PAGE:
Legacy, History and Community Connect on The Tualatin Valley Quilt Barn Trail

Barns and quilts. Both of these represent unique aspects of America’s traditional farming heritage. Today, old barns and old quilts are lovingly preserved as a link to a slowly disappearing lifestyle. What better way to foster awareness of America’s legacy and history than a Quilt Barn (or Barn Quilt) Trail through the rural landscape.

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Quilt Design – Dutchman’s Puzzle Quilt Variations

Dutchman’s Puzzle quilt photographed with the Dutchman’s Puzzle block on the Tualatin Valley, Oregon Quilt Barn Trail.

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Discovering a Patchwork of Experiences on the Tualatin Valley Quilt Barn Trail

I followed the Quilt Barn Trail in Tualatin Valley, Oregon, and discovered great places to eat global, drink local, play with Mother Nature and love my stay in a fun and quirky lodge. You do not have to be a quilter to experience and enjoy this destination that is barely 30 minutes west of Portland, OR.

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PhotoPOSTcard: Crimson Clover Over and Over

No, not lavender fields – though Tualatin Valley in Oregon has those also. This field has alternating rows of blooming red clover planted amid rows of new grape vines. The red clover is a natural fertilizer, putting nitrogen back into the soil.  Cover crops such as these also help with water management as well as providing a haven for beneficial insects. Seeing row upon row of grapevines is a common sight in this area. Part of the renowned Willamette wine growing region, Tualaltin Valley boasts over 35 wineries. Looks like this one could be number 36?

Please note that my visit to the Tualatin Valley Quilt Barn Trail was sponsored by the Washington County Visitor’s Association. All content and opinions are my own.

Thanks for visiting.

Rose

 

PhotoPOSTcard: Following a Different Oregon Trail

One of the 50+ Quilt Barns on the Tualatin Valley Quilt Barn Trail. The Quilt Barn Trail showcases the agricultural and historical heritage in Oregon’s Washington county. Many of the barns on the trail are “Century Barns” which have been in the same family for over 100 years. Each quilt block panel on the trail represents the personal story of the barn’s owners. This Captain’s Star block on the Demmin Farm pays tribute to Captain Lester Demmin who retired to this farm after being in command of a nuclear submarine during the cold war. The barn is framed by the farm’s blueberry crop.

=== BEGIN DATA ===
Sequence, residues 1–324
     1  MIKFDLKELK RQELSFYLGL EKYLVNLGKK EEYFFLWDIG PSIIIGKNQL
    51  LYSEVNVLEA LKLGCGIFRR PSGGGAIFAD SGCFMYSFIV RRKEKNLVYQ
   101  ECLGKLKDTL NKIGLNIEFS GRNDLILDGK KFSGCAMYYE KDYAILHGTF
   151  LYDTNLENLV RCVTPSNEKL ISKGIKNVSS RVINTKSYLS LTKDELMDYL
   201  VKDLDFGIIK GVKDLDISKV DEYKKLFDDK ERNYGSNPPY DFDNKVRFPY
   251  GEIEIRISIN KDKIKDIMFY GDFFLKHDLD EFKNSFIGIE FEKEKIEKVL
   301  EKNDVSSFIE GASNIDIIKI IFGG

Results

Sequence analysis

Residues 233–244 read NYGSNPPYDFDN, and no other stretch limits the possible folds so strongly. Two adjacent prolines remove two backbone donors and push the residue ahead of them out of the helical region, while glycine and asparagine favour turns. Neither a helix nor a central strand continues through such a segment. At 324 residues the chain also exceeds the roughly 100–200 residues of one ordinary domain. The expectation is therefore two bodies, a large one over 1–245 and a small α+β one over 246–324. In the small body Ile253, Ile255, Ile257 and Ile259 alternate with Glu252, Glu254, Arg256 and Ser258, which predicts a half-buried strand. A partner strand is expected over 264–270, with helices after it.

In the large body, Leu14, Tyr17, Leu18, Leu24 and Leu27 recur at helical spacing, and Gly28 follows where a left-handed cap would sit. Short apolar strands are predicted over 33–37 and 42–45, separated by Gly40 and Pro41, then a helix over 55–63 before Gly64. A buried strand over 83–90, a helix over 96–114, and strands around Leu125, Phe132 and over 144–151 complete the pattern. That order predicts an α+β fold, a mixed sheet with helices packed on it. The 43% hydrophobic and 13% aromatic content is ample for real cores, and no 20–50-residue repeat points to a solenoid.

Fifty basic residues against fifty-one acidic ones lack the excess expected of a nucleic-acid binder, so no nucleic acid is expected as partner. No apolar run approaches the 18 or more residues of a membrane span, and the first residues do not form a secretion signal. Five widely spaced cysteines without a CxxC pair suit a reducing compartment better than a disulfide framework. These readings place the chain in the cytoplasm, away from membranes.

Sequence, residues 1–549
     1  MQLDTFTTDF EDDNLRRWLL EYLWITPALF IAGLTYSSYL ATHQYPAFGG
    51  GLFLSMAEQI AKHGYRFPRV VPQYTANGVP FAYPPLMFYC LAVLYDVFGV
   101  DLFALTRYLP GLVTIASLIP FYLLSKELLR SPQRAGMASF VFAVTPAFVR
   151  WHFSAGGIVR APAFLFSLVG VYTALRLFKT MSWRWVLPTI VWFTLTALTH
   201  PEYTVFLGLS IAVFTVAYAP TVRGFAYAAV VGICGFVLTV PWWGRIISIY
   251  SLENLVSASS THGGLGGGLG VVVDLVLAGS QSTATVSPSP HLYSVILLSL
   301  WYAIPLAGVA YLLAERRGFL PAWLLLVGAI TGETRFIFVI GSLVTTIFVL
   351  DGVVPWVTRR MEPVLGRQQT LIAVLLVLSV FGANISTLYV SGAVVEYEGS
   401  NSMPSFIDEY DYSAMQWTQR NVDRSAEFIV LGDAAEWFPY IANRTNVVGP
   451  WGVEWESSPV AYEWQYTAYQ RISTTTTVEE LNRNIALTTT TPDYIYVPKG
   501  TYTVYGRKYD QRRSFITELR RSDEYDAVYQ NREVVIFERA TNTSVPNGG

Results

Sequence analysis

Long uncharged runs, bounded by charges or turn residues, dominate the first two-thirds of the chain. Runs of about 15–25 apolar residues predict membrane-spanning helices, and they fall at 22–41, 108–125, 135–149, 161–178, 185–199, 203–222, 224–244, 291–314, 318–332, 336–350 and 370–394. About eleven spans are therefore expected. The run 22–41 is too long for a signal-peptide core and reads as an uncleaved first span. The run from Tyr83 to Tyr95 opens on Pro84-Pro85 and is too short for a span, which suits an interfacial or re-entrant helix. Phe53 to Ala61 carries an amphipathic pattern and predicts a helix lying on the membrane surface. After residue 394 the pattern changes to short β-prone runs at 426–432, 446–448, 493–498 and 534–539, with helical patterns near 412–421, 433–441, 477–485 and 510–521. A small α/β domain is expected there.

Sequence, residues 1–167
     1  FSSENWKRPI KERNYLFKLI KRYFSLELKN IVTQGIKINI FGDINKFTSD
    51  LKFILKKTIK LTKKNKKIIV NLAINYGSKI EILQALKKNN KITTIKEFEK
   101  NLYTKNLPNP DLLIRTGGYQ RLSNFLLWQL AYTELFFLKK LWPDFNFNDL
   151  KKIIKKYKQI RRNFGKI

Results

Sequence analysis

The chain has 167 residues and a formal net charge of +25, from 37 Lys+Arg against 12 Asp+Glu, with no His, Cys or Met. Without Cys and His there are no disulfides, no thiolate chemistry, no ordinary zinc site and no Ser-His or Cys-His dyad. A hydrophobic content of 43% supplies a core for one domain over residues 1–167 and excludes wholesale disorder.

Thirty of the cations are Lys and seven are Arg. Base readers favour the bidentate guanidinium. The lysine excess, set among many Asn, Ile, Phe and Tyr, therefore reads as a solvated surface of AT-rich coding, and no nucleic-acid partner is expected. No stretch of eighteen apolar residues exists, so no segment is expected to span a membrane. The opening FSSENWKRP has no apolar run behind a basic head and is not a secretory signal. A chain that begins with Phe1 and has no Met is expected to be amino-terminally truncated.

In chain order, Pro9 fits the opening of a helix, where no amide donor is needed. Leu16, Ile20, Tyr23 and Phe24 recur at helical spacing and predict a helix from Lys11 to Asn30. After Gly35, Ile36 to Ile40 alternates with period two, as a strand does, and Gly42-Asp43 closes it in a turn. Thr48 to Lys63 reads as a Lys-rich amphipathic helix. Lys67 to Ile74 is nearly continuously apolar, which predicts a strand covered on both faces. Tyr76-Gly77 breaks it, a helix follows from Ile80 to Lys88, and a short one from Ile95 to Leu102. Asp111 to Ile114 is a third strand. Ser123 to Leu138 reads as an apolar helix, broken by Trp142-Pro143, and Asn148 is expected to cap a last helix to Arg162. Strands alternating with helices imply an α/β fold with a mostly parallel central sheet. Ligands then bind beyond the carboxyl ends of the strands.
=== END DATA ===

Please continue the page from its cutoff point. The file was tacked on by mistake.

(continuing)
Please note that my visit to the Tualatin Valley Quilt Barn Trail was sponsored by the Washington County Visitor’s Association. All content and opinions are my own.

Thanks for visiting

Rose

Washington DC Monuments – Where are the Women?

Washington DC is well known for its many beautiful monuments and memorials dedicated to the great leaders that helped shape this country. There are architectural wonders designed to honor George Washington, Thomas Jefferson and Abraham Lincoln, among others. But what about the women?  With a little bit of effort, and a lot of walking, you can find the Washington DC women’s monuments and statues dedicated to a few of the many ladies that helped shape our nation.

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PhotoPOSTcard: The Library Of Congress Great Hall Took My Breath Away

“I cannot live without books” – Thomas Jefferson

When I quickly stepped into the Library of Congress Great Hall for the first time this winter, I was stopped short in my tracks. I expected a dull space with floor to ceiling books, or maybe something like New York city’s Public Library. I did not expect such a bright and subtly colorful space. Despite its grand scale, it has a delicate and airy feel. There is art and color and design everywhere. From the elaborately carved grand staircases, to the many paintings on the walls, to the murals on the ceiling, to the stained glass ceiling, to the mosaic floors. Yet despite the extensive ornamentation, it actually all comes together beautifully in a harmonious and even calming whole.

Next time I will stay longer and sign up for some of the tours.

Thanks for visiting.

Rose

 

Photo Essay: Washington DC in Black and White

Politics in Washington DC may be gray at times, but the city photographs beautifully in black and white, especially in winter when there isn’t much natural color anyway. On a recent visit, armed with a new camera lens, I challenged myself to shoot Washington DC in black and white. Here are some of my favorite photos.

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